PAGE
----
Diel transcriptional response of a California Current plankton microbiome to light, low iron, and enduring viral infection
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Diel transcriptional response of a California Current plankton microbiome to light, low iron, and enduring viral infection
  • Published Date:

    2019

  • Source:
    ISME J. 2019 Nov; 13(11): 2817–2833.
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Diel transcriptional response of a California Current plankton microbiome to light, low iron, and enduring viral infection
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  • Description:
    Phytoplankton and associated microbial communities provide organic carbon to oceanic food webs and drive ecosystem dynamics. However, capturing those dynamics is challenging. Here, an in situ, semi-Lagrangian, robotic sampler profiled pelagic microbes at 4 h intervals over ~2.6 days in North Pacific high-nutrient, low-chlorophyll waters. We report on the community structure and transcriptional dynamics of microbes in an operationally large size class (>5 μm) predominantly populated by dinoflagellates, ciliates, haptophytes, pelagophytes, diatoms, cyanobacteria (chiefly Synechococcus), prasinophytes (chiefly Ostreococcus), fungi, archaea, and proteobacteria. Apart from fungi and archaea, all groups exhibited 24-h periodicity in some transcripts, but larger portions of the transcriptome oscillated in phototrophs. Periodic photosynthesis-related transcripts exhibited a temporal cascade across the morning hours, conserved across diverse phototrophic lineages. Pronounced silica:nitrate drawdown, a high flavodoxin to ferredoxin transcript ratio, and elevated expression of other Fe-stress markers indicated Fe-limitation. Fe-stress markers peaked during a photoperiodically adaptive time window that could modulate phytoplankton response to seasonal Fe-limitation. Remarkably, we observed viruses that infect the majority of abundant taxa, often with total transcriptional activity synchronized with putative hosts. Taken together, these data reveal a microbial plankton community that is shaped by recycled production and tightly controlled by Fe-limitation and viral activity.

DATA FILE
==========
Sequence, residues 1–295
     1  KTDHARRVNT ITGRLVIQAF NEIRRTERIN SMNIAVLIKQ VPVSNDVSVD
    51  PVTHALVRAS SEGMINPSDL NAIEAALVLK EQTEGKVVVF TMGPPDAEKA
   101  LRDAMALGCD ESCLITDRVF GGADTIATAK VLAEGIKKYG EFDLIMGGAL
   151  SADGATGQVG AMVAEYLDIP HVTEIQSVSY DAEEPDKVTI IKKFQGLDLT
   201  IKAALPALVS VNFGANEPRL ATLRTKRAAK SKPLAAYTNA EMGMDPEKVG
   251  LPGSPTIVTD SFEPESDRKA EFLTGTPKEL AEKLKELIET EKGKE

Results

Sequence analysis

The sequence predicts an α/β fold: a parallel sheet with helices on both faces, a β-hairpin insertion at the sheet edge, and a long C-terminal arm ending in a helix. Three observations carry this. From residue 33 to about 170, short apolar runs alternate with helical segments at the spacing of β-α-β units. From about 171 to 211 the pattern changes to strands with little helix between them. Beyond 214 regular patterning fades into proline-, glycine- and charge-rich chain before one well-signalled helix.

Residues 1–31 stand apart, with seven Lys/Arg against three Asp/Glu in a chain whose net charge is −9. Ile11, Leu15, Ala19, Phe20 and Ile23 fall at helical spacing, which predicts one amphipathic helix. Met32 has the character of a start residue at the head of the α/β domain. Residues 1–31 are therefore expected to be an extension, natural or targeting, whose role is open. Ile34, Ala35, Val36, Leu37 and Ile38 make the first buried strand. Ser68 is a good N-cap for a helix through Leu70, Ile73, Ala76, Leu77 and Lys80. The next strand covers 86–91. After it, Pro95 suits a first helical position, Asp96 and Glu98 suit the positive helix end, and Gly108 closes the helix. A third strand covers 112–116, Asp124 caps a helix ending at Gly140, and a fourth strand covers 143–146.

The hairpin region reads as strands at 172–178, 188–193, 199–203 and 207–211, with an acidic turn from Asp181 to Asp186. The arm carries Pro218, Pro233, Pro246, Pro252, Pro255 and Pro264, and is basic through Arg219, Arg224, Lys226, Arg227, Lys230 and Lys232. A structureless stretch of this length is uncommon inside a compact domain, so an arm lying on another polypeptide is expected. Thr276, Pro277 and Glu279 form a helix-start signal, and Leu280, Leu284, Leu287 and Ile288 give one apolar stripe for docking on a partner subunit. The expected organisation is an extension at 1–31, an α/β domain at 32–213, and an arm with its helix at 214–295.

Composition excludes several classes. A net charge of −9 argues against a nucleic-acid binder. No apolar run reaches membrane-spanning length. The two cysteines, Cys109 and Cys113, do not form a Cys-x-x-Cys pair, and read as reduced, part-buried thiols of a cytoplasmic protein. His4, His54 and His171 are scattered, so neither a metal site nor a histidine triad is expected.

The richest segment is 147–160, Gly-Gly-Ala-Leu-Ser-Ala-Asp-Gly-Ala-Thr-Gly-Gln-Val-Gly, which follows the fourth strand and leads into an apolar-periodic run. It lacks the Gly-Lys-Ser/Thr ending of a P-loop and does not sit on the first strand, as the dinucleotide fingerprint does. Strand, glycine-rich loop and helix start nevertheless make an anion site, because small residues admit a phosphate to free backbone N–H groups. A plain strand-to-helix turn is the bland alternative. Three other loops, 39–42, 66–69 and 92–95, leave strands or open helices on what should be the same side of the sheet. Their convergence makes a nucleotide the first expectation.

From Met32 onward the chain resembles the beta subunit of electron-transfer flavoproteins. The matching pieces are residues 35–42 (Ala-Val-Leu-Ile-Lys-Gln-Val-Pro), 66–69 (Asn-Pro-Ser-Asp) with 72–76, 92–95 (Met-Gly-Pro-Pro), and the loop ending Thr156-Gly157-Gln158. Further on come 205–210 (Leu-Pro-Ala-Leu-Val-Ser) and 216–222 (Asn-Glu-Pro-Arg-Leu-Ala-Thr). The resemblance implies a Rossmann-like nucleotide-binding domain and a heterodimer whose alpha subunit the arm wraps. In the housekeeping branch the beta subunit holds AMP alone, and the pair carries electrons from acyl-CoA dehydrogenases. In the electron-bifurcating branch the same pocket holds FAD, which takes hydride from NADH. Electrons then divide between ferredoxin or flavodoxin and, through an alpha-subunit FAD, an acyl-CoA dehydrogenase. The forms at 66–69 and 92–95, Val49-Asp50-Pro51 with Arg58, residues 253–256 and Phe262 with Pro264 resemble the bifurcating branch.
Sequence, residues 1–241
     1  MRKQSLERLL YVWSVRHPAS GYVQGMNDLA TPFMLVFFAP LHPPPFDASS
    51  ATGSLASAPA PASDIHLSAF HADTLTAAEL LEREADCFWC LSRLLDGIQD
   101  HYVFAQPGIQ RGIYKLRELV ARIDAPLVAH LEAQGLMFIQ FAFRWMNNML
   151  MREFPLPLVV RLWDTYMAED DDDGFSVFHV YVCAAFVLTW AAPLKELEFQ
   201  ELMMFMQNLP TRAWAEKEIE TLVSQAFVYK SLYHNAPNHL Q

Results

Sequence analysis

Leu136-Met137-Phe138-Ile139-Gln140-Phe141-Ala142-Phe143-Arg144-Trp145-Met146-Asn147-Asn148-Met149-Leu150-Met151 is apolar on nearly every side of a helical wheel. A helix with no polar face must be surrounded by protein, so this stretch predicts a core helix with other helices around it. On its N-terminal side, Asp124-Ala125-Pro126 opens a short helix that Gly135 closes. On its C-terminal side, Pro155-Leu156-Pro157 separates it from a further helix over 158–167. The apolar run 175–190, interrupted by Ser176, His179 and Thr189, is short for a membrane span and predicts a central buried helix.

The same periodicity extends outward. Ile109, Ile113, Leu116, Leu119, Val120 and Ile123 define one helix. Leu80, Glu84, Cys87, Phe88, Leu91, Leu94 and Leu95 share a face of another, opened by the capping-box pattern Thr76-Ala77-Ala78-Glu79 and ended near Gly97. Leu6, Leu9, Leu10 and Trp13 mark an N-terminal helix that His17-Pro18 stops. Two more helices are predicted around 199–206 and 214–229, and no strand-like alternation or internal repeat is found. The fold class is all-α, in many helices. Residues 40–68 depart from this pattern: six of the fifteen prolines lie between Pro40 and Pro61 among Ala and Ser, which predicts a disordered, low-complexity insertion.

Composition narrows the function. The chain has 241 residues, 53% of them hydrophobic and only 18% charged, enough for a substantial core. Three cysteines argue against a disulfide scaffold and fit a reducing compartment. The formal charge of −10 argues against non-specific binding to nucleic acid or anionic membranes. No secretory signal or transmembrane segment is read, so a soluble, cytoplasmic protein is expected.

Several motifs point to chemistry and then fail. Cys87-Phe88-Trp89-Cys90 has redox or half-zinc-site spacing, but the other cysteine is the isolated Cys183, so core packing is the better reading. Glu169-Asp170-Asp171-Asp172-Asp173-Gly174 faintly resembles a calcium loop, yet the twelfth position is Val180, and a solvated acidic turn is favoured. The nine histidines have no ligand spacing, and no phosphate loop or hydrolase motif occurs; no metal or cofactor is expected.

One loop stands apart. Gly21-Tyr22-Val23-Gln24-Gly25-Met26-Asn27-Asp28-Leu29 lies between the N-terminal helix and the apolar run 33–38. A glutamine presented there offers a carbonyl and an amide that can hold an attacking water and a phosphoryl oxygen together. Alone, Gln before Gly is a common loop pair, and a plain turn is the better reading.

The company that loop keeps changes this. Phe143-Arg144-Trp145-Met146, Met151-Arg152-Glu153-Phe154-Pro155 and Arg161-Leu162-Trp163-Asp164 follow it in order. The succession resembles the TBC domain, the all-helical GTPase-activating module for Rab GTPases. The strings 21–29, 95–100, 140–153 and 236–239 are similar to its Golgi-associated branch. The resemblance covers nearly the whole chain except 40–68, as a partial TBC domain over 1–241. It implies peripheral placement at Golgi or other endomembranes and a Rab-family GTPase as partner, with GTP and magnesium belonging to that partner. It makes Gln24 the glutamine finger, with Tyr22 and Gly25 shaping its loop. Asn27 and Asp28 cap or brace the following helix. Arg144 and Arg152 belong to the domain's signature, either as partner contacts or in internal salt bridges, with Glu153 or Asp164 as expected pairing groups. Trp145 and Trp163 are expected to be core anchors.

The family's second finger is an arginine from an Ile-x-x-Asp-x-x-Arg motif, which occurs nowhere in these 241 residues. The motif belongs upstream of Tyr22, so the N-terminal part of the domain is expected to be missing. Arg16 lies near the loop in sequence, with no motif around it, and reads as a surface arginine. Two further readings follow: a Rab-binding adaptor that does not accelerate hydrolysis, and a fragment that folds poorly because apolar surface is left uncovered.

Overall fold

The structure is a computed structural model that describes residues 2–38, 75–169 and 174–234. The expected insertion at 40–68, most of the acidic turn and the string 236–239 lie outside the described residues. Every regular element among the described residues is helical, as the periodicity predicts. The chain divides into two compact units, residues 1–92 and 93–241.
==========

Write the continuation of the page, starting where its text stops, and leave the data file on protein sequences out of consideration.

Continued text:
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  • Pubmed ID:
    31320727
  • Pubmed Central ID:
    PMC6794264
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